Lincoln to expand China sales network head of launching locally made SUVs
Lincoln, the iconic American luxury automaker owned by Ford Motor Co., said it’s expanding its China sales and distribution network in preparation for the launch of an all-new, locally assembled sport utility vehicle (SUV) model in late 2019 in its second-largest global market.
The unspecified SUV model, to be built together with Ford’s Chinese partner Chongqing Changan Automobile, will enable the marque to better compete with BMW, Mercedes Benz and other brands in the country’s market for luxury vehicles.
“The local production line allows us to be a bit nimble,” Lincoln’s Asia-Pacific president Amy Marentic said in an interview with the South China Morning Post. “When customers want a change for a higher or lower series, we no longer have to resort to a pipeline that involves shipments across the sea. As we add some new dealers, I think there will be more organic growth there.”
Lincoln, which announced its SUV plan with Changan in March, is a latecomer to the world’s largest vehicle market, making its entry decades after Audi, BMW and Mercedes Benz.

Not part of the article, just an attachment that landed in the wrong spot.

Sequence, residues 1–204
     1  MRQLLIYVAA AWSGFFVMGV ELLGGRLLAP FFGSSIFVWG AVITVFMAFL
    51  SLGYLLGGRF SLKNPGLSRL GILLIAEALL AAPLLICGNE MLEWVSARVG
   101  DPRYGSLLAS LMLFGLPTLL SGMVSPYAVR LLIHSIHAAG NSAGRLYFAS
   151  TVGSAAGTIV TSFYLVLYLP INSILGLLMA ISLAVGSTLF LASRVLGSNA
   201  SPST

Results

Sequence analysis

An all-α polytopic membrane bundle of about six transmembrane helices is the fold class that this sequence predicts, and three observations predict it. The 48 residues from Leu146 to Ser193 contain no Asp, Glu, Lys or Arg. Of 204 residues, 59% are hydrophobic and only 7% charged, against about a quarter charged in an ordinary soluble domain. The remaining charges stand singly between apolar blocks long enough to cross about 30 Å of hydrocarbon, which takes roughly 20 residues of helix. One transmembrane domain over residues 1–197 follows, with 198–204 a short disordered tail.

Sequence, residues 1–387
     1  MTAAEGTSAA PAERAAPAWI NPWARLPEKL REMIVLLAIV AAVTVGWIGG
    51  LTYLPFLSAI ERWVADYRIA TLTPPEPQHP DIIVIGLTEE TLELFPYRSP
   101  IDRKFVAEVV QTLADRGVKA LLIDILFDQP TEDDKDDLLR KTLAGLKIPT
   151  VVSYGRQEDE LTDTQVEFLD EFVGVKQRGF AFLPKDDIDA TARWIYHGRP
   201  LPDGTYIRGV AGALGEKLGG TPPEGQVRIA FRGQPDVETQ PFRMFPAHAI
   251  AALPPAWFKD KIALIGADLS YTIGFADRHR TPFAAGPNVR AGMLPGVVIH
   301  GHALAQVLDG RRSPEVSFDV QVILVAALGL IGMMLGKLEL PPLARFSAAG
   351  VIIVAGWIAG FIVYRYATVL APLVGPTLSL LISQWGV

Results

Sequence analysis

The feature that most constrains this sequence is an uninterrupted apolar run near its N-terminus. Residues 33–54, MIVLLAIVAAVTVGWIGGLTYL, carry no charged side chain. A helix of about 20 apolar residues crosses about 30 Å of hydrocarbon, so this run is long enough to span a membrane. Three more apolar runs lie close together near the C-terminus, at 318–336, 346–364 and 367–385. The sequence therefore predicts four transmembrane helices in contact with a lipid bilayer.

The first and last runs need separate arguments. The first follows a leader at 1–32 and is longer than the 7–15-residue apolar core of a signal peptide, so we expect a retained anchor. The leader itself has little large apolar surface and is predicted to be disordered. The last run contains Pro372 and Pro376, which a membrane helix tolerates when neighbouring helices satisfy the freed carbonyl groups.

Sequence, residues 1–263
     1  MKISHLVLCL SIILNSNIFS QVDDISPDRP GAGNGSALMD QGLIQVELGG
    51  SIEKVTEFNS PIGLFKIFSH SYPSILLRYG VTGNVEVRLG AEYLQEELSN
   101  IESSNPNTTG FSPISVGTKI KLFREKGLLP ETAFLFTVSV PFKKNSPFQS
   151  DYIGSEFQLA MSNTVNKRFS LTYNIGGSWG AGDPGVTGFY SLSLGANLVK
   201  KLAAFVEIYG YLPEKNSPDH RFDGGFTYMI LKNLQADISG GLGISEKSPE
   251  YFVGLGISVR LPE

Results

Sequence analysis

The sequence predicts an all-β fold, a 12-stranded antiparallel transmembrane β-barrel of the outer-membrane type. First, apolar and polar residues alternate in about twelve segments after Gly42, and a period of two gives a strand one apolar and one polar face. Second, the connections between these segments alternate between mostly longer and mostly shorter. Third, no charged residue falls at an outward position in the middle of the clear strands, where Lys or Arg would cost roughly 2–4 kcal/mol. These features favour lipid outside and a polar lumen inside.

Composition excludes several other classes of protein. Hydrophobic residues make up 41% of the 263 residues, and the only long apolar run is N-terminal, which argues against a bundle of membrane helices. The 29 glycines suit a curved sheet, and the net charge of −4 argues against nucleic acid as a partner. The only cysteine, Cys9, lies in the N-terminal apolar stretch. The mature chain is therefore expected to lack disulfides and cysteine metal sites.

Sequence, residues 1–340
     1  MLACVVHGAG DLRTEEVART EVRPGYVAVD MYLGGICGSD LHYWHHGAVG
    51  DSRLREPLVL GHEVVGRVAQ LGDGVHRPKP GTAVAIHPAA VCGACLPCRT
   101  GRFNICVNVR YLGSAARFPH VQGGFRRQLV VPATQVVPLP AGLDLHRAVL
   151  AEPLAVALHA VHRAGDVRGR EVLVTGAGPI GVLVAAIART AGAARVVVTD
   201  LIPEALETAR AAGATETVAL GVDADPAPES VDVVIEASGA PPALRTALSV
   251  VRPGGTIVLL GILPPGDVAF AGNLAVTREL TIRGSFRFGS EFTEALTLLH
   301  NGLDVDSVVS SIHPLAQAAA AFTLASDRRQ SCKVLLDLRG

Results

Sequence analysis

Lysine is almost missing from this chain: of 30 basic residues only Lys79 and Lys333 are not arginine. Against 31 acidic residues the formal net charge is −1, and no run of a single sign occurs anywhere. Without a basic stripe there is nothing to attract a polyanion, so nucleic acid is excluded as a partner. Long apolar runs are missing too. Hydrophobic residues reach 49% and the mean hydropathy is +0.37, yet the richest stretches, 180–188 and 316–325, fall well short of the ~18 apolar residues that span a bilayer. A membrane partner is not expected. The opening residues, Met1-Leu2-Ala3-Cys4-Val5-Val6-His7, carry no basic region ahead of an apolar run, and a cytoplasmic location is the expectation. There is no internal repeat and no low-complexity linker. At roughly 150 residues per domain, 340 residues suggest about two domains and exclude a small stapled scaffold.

The company began importing vehicles to the mainland in 2014, selling them for between 300,000 yuan (US$44,000) to 1 million yuan. The company delivered 24,541 units in China during the first half of 2017, up 97 per cent from the same period in 2016, and following a stellar year in 2016 that almost tripled from the previous year.
Sales of sport-utiity vehicles have outpaced compact cars, sedans and other types of models in China in the last few years, as Chinese consumers prefer the higher driving position, roominess, specifications and versatility of the large vehicles.
That’s attracted other marques like General Motors Corp’s Cadillac to make SUVs in the country. Last year, SUV deliveries accounted for 37 per cent of the total vehicle sales in China, compared to a mere 5.7 per cent a decade ago.
The market for high-end vehicles could outpace the overall market by double or even triple the speed, said Automotive Foresight’s managing director of industry research Yale Zhang.
“It’s good time to be in the luxury business,” said Marentic.
The carmaker wouldn’t disclose details of its first locally made model.
The tastes of Chinese consumers change often, which compels Lincoln to design and assemble cars that are “competitively priced with an exceptional value,” Marentic said.